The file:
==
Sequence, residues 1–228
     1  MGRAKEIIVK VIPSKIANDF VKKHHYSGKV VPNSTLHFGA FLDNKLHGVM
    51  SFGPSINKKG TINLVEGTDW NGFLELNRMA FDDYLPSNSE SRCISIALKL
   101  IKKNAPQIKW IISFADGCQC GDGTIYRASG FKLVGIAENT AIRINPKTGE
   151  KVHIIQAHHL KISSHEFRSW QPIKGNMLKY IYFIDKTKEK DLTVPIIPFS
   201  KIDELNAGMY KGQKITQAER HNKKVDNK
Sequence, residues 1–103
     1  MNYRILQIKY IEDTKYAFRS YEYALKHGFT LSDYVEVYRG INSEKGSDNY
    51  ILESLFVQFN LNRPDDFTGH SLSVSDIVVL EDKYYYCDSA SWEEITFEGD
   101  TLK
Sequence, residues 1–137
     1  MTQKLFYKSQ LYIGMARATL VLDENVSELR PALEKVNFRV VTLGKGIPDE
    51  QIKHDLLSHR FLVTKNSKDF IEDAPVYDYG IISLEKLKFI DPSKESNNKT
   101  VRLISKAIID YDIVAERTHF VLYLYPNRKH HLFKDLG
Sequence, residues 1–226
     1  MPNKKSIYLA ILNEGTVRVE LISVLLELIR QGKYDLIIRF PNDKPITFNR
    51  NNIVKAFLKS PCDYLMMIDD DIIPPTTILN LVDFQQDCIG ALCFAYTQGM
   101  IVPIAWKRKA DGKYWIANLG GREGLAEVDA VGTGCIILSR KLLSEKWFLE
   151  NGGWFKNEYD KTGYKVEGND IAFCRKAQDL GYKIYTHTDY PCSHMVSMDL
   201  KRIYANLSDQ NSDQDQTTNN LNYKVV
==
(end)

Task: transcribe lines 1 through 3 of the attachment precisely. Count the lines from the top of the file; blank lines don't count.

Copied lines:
Sequence, residues 1–228
     1  MGRAKEIIVK VIPSKIANDF VKKHHYSGKV VPNSTLHFGA FLDNKLHGVM
    51  SFGPSINKKG TINLVEGTDW NGFLELNRMA FDDYLPSNSE SRCISIALKL